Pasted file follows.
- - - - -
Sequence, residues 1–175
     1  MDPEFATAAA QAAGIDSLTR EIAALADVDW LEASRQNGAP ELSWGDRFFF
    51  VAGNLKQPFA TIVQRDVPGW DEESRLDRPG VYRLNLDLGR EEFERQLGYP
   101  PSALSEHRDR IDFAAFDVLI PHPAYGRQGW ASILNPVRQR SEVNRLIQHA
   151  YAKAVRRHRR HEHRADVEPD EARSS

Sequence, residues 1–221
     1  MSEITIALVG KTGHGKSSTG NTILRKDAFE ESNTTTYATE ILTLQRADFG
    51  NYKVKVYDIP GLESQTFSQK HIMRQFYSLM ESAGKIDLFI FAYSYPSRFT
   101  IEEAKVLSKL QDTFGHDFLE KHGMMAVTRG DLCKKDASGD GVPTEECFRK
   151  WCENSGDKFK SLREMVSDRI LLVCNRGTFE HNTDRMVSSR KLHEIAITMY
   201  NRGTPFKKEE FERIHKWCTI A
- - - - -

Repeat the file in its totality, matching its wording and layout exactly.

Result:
Sequence, residues 1–175
     1  MDPEFATAAA QAAGIDSLTR EIAALADVDW LEASRQNGAP ELSWGDRFFF
    51  VAGNLKQPFA TIVQRDVPGW DEESRLDRPG VYRLNLDLGR EEFERQLGYP
   101  PSALSEHRDR IDFAAFDVLI PHPAYGRQGW ASILNPVRQR SEVNRLIQHA
   151  YAKAVRRHRR HEHRADVEPD EARSS

Sequence, residues 1–221
     1  MSEITIALVG KTGHGKSSTG NTILRKDAFE ESNTTTYATE ILTLQRADFG
    51  NYKVKVYDIP GLESQTFSQK HIMRQFYSLM ESAGKIDLFI FAYSYPSRFT
   101  IEEAKVLSKL QDTFGHDFLE KHGMMAVTRG DLCKKDASGD GVPTEECFRK
   151  WCENSGDKFK SLREMVSDRI LLVCNRGTFE HNTDRMVSSR KLHEIAITMY
   201  NRGTPFKKEE FERIHKWCTI A